Blodgett, Leslie A.

  • US.20200923.004
  • Person
  • 1963-

Leslie A. Blodgett (1963 - ) is the founder of Bare Escentuals, a chemical-free makeup company. Blodgett began selling her makeup on QVC because, as she says, she felt "an affinity" with the women who worked on and watched the channel. While the T.V. component of her campaign helped her achieve household name recognition, Blodgett emphasized the importance of personal engagement. Blodgett frequently meets with fans, listens to their wants and needs to better understand what her customers are looking for. In 2010, Blodgett sold her company to Shiseido for nearly $1.7 billion.

Bloomie's Express

  • US.20200530.002
  • Corporate body
  • 1986

In 1986 Bloomingdale's opened two small stores at JFK Airport in New York called Bloomie's Express.

Bloomingdale's (Firm)

  • US.20181109-016
  • Corporate body
  • 1861 (date of establishment)

Bloomingdale's began in 1861 as a hoop-skirt shop run by brothers Joseph and Lyman G. Bloomingdale on the lower east side of Manhattan. Eventually moving to its current location at 59th and Lexington in 1886, the store is now an upscale department store featuring men and women's ready-to-wear, furnishings, accessories, jewelry, and cosmetics. This interview takes place at the beginning of a period of drastic change at Bloomingdale's, including extremely high employee turnover, changes in ownership, and the effects of an overall retail slump at the end of the 1980s. After over a decade of major promotional activity at Bloomingdale's, the financial year and a half after this interview, in May 1988, Campeau Corporation bought Bloomingdale's parent company, Federated Department Stores in a highly publicized and notorious leverage buyout. It is interesting to note that at the time of this interview, Bloomingdale's President Marvin S. Traub was soon to receive the "Person Who Makes the Difference" award from FIT, even as the department store was heading into serious financial troubles. Saks Fifth Avenue found itself in a similar position when it received the same award four years later amidst its highly publicized sale.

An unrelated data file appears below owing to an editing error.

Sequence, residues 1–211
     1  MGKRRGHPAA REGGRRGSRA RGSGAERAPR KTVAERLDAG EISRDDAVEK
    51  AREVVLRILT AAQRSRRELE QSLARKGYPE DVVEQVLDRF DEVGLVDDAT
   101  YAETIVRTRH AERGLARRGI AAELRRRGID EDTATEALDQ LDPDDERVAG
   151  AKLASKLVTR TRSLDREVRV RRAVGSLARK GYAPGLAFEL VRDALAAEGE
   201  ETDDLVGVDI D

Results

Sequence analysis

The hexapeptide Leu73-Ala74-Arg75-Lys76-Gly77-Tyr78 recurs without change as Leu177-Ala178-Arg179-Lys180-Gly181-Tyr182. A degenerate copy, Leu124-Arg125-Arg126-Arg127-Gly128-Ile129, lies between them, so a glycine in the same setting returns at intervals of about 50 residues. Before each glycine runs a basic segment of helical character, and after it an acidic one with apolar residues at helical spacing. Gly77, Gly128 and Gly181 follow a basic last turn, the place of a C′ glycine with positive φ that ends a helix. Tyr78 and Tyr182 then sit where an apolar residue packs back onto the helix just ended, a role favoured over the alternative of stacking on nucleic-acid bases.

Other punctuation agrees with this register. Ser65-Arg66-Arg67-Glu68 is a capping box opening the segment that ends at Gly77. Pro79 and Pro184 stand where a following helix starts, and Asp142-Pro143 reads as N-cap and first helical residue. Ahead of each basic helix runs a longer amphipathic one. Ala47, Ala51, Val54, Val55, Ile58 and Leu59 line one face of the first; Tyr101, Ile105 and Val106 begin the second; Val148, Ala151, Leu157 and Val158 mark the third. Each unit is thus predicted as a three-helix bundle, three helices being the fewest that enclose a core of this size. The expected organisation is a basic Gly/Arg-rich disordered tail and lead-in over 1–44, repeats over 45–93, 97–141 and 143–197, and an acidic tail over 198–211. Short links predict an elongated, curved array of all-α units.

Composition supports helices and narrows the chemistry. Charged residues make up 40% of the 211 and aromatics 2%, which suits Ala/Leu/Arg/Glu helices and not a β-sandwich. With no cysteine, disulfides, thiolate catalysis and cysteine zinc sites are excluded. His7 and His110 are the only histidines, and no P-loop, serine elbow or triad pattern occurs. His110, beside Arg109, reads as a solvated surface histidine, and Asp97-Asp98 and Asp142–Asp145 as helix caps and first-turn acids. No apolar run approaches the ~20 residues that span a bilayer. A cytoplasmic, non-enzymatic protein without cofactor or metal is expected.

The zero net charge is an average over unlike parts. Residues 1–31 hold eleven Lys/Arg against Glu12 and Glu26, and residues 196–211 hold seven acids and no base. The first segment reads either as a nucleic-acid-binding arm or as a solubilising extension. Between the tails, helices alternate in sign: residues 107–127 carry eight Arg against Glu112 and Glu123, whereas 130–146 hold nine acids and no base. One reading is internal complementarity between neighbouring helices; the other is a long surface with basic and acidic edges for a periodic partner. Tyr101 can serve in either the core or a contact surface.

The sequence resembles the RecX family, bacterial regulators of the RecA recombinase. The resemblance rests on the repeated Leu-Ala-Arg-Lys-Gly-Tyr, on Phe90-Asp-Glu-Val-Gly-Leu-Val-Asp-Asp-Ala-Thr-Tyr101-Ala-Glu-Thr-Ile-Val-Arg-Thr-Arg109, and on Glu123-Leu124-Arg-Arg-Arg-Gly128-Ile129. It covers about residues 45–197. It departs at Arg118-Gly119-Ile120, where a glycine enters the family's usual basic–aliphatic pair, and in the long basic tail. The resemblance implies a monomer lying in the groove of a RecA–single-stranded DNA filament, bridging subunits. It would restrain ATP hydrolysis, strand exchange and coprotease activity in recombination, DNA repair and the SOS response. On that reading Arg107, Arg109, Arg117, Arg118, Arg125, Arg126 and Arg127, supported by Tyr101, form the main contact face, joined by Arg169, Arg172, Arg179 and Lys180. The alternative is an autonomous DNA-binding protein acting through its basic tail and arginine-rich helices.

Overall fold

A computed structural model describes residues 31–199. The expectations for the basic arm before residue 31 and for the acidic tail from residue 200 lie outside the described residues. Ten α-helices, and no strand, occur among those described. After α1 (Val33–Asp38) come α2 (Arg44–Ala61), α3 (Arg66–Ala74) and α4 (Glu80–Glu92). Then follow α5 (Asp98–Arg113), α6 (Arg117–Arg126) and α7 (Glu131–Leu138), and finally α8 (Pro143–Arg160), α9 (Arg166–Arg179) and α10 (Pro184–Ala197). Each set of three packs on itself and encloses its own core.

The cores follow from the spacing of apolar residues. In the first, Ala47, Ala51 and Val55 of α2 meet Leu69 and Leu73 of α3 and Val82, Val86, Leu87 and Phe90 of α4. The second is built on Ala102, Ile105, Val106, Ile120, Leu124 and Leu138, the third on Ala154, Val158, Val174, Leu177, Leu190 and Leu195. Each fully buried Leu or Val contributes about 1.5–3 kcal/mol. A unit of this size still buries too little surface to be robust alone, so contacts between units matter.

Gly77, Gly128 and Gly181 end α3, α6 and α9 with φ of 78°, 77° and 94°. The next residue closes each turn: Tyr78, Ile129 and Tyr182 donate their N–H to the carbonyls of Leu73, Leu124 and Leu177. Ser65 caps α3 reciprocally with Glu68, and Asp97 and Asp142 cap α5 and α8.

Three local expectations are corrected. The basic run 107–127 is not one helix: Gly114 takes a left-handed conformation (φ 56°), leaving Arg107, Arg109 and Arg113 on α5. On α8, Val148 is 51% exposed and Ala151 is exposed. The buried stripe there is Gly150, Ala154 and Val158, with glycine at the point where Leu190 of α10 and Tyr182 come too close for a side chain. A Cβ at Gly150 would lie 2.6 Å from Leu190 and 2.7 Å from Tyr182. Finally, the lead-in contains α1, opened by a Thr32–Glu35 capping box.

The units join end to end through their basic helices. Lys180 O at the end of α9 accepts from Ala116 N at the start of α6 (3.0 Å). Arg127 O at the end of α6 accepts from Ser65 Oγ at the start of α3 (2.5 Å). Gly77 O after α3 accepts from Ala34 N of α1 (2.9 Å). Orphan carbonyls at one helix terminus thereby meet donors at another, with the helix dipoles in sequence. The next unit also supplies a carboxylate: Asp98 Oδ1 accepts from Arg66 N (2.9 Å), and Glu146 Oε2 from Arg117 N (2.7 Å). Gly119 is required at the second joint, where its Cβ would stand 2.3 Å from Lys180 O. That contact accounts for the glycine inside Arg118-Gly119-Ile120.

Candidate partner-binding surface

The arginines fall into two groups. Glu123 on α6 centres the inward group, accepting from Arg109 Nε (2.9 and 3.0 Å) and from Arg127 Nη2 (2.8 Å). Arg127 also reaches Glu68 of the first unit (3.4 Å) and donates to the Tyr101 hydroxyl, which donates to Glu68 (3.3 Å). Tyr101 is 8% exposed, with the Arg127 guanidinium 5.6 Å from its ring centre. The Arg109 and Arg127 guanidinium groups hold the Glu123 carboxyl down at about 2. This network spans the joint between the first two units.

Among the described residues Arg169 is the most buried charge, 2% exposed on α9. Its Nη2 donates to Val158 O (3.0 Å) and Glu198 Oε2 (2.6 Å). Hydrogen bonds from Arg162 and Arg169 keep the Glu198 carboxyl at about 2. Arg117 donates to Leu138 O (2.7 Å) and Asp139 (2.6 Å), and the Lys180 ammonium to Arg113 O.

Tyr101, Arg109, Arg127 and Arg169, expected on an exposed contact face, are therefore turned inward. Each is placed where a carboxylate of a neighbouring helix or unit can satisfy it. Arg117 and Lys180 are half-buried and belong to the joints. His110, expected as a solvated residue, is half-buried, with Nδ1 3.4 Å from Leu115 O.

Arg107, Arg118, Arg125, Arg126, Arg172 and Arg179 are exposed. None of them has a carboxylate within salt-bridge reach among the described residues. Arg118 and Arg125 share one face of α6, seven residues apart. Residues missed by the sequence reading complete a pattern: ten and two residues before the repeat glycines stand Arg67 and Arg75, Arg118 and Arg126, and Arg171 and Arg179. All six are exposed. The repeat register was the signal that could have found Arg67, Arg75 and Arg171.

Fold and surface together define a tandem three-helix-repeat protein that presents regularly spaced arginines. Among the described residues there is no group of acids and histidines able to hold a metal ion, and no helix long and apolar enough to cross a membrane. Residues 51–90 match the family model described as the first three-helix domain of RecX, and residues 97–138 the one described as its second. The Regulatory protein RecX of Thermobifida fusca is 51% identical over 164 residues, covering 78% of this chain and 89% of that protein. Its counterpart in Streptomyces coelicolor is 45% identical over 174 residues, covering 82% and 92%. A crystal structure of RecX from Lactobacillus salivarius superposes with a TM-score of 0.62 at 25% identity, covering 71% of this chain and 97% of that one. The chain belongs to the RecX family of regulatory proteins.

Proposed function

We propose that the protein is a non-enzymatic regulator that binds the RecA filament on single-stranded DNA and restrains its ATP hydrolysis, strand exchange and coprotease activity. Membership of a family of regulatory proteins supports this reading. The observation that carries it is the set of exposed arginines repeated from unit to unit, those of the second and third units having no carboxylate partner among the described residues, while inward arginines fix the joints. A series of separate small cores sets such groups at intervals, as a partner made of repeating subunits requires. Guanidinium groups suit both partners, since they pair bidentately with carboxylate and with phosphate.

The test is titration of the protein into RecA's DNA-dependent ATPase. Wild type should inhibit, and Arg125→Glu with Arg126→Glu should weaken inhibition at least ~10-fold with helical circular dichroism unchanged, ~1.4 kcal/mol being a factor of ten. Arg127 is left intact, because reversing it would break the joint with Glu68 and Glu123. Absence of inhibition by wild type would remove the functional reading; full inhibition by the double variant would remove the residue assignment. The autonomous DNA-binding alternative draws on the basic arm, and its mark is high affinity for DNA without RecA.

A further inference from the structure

Board of Trustees

  • US.20180702.070
  • Corporate body
  • 1951 (date of establishment)

The Board of Trustees of the Fashion Institute of Technology establishes policies governing the college. Subject to the approval of the Board of Trustees of the State University of New York, the Board appoints the college president, approves curricula, approves budgets, establishes tuition and fees within legal limits, and approves sites and facilities. It is responsible for the care, custody, control and management of the college’s physical facilities. The Board sets policies and delegates to the president or her designees the responsibility for implementing them, including personnel policies; the creation of divisions, departments, and administrative and academic positions; rules governing student conduct; the use of college facilities by outside organizations; the admission of students; and the preparation of the budget. The Board also has such other powers and duties as provided by New York law or prescribed by the SUNY Board of Trustees.